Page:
呂洞賓

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1988 / 7月

文‧莊伯和提供 圖‧莊伯和提供



唐人呂巖,字洞賓,八仙之一,是最家喻戶曉的仙人了。儒教稱他為純陽夫子,道教稱妙道天尊,佛教稱文尼真佛,雜教稱呂仙祖,俗稱仙公;在元代時,他更被封為「純陽演正警化孚佑帝君」。

民間百姓信仰他,立廟奉祀,像台北名勝指南宮(仙公廟)就香火鼎盛;同時呂洞賓也是不少行業的祖師,如理髮、算命、製墨業者,甚至乞丐都拜他。

像知名度這麼高的仙人,必然留下許多傳說故事,其成仙過程,必然也較戲劇化。這堨u舉鍾離權在終南山中前後十次試煉他的經過。

第一試,洞賓自外歸來,忽見家人皆病死。他心無悔恨,只準備加以厚葬,但不久死者都復活了。

第二試,洞賓在市場售貨,顧客只給他一半的價錢。他無所爭執,任他們提貨而去。

第三試,洞賓元日出門,遇乞丐求施,他給與錢物,但乞丐貪求無厭,並破口罵他,洞賓惟再三笑謝。

第四試,洞賓在山中牧羊,遇一餓虎奔逐群羊,他獨以身擋之,護羊下山,虎轉身也失去蹤影。

第五試,洞賓居山中草舍讀書,見一位十七、八歲之女子,容華絕世,光豔照人。她自言歸寧母家,天黑迷路,只得借此少憩;然後百般調弄,洞賓不為所動。如是三日,女子才離去。

第六試,洞賓郊遊歸來,家產盡為強盜打劫一空,洞賓了無慍色,躬耕自給,忽掘出黃金數十斤,但只速加掩埋,一無所取。

第七試,洞賓買銅器,發現竟都是金器,即訪賣主,原璧歸趙。

第八試,有瘋狂道士販藥,言明只賣十天,又說此藥服者立死,再世得道,洞賓買了藥,道士說:「你可以趕快準備後事了。」但洞賓服藥後,全然無恙。

第九試,春日水漲時節,洞賓與眾人涉水,至中流,風濤掀湧,眾人畏懼,洞賓端坐不動。

第十試,洞賓獨坐一室,忽見奇形怪狀鬼魅無數,欲前來擊殺,他絕無所懼;復有夜叉數十,執一死囚,血肉淋漓,號泣道:「你前世殺我,今當償命。」洞賓說:「殺命償命,可也。」於是起來拿刀要自盡,忽聞空中一叱聲,鬼神皆不見。

這時候,有一人撫掌大笑而下,即鍾離權也。

在現實社會堙A考試本是正常的晉身之階,舉凡升學、就職、升級、入仕,考試往往是必經的一關。就精神層次而言,試煉也被視為進入某一境界的條件,像成仙固然可以靠吃仙果、服仙丹、得天書等等如願;但十試洞賓,更發人深省。他首先克服的是人性的弱點,而且中國人一向戒人勿陷身於酒色財氣之阱,呂洞賓的無比勇氣,自然已超乎凡人,甚至無畏生死,而至超凡入聖的境地了。

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EN

Lu Tung-pin

Chung Po-ho /photos courtesy of Chung Po-ho /tr. by Peter Eberly


Lu Yen (courtesy name Tung-pin) of the T'ang Dynasty (618-907) is perhaps the best known of China's Eight Immortals, or hsien-jen, and is honored by Confucianists, Taoists, and Buddhists alike.

The common people worship him as a god and have raised many temples in his honor, one example being Taipei's popular Chih-nan Kung, or Hsien Kung Miao. He is also the patron deity of various occupations, including barbers, fortune-tellers, ink makers, and even beggars.

A figure of such widespread renown has inevitably been the subject of many anecdotes and legends. Related here is the story of how he was tested ten times by Chung-li Ch'uan of Chunghsan Mountain before becoming an immortal.

In the first test, Lu returned home to find that his family had all taken sick and died. Untouched by grief or remorse, he simply prepared an elaborate funeral for them, and soon they all returned to life.

In the second test, he was selling things in the marketplace, but the customers would pay him only half the price. Instead of quarreling about it, he let them take the goods and go.

In the third test, he went outside on New Year's Day and met a beggar seeking alms. Lu gave him what money he had but the beggar was insatiable in his demands and cursed him abusively. Lu just laughed it off.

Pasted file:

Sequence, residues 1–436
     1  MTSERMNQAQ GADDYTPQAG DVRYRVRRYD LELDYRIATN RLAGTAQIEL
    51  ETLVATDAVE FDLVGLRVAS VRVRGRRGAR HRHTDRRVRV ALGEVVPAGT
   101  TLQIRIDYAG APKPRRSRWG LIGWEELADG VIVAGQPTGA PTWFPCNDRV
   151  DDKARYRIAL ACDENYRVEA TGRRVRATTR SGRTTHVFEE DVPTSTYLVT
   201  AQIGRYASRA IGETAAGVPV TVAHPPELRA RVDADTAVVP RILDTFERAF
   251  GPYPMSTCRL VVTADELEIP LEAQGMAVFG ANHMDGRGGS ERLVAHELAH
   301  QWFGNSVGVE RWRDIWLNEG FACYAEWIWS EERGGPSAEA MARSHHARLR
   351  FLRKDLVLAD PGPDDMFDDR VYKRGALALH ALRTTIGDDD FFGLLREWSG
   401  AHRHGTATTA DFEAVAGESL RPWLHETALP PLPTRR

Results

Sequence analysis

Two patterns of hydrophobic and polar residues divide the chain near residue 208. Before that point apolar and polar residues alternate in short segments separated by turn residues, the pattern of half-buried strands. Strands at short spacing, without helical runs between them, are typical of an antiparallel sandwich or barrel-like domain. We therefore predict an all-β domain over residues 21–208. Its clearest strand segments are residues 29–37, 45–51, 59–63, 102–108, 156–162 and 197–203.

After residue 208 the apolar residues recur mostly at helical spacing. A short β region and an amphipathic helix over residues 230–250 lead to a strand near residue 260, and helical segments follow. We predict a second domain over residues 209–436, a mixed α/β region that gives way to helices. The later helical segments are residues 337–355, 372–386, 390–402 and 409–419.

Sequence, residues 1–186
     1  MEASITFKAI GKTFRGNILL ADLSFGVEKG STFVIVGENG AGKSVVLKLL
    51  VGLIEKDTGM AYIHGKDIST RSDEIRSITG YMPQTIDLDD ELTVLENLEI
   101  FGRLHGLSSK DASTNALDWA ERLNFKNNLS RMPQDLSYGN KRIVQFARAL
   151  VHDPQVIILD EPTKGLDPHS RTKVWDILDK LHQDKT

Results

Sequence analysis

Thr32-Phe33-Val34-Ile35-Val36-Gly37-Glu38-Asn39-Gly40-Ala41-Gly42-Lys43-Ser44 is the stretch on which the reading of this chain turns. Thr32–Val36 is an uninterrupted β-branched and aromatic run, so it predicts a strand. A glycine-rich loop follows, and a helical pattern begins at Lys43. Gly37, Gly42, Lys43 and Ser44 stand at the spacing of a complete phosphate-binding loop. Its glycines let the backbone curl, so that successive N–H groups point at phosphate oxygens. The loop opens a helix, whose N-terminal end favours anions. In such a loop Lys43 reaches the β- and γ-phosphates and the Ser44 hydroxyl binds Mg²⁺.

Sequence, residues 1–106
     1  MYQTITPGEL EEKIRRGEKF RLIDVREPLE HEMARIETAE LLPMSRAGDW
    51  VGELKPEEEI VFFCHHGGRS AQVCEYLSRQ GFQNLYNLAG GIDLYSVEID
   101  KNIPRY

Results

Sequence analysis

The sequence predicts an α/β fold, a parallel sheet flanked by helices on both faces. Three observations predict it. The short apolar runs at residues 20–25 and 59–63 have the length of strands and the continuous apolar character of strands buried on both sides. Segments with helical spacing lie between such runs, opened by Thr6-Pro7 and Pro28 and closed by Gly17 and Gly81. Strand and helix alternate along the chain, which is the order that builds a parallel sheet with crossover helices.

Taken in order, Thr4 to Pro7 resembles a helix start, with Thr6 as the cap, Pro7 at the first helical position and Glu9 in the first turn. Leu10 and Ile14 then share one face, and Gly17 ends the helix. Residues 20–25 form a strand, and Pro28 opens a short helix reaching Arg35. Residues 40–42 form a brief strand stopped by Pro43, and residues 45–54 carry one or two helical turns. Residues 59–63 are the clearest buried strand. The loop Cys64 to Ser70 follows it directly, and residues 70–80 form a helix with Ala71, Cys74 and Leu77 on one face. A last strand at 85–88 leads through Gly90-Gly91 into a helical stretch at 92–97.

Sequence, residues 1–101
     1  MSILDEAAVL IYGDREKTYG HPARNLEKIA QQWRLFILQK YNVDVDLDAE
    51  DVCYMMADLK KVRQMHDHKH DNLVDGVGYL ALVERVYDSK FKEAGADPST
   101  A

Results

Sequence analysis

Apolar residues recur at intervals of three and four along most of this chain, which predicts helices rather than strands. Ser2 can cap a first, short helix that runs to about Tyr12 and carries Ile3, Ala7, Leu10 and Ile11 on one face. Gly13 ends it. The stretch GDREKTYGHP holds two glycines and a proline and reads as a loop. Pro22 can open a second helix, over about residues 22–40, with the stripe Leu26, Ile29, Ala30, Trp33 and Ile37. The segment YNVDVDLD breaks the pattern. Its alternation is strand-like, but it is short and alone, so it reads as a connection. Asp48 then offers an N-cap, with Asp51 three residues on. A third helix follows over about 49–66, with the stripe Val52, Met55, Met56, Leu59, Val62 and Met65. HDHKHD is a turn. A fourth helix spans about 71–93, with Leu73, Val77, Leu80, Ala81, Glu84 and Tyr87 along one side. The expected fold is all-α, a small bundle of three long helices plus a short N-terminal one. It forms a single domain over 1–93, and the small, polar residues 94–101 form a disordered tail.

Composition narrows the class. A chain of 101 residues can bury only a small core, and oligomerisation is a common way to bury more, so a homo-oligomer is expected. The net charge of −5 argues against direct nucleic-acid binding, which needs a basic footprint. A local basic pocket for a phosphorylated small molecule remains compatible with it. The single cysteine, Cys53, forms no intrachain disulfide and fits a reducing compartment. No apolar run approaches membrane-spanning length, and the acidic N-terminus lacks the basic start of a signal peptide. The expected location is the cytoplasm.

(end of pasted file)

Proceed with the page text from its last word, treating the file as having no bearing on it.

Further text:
In the fourth test, Lu was herding sheep in the mountains when a hungry tiger attacked the flock. He single-handedly guarded the sheep from the tiger and led them down the mountain, and the tiger turned around and disappeared.

In the fifth test, he was studying in a straw hut in the mountains when he saw a 17- or 18-year-old girl of breath-taking beauty standing before him. She said that she had lost her way in the dark and asked to rest with him for a while. She tried every way she could to allure and entice him, but Lu remained unmoved and after three days she finally left.

In the sixth test, Lu returned home from the outskirts of town and found that all his property had been stolen by bandits. Without a trace of resentment, he took to laboring in the fields to supply his wants. There he dug up ten catties of gold, but he quickly buried them again without taking any.

In the seventh test, he found that a bronze vessel he had bought was really made of gold. He returned it at once to the seller.

In the eighth test, a crazy Taoist was peddling medicine, proclaiming that anyone who took it would die at once yet attain the Way in his next life. When Lu bought some, the Taoist said, "You'd better make funeral arrangements," but Lu took it without any harm.

In the ninth test, Lu and a group of people were crossing a river during the spring floods. When they came to the middle the wind and waves suddenly surged up. The rest of the passengers were terrified but Lu sat calmly and still.

In the tenth and last test, Lu was sitting alone in a room when a swarm of monstrous ghosts and demons rushed in as if to kill him, but he was absolutely unperturbed. Then a band of yakshas came in with a chained and bloody corpse who howled, "You killed me in your previous life, and now it's time to pay me back." "A life for a life," Lu replied, "fair enough." He stood up, picked up a knife, and was about to kill himself when a shout rang out overhead and the ghosts and demons disappeared.

A man floated down laughing and clapping his hands. It was Chung-li Ch'uan.

Tests are a common enough experience in everyday life, whether in school or on the job, but in this story they serve as a measure of spiritual enlightenment. Drinking an elixir, eating a magical fruit and acquiring a celestial book are well-known ways of achieving immortality, but the ten tests of Lu Tung-pin provide us with even more food for reflection on the weaknesses of human nature and the quest for spiritual attainment.

 

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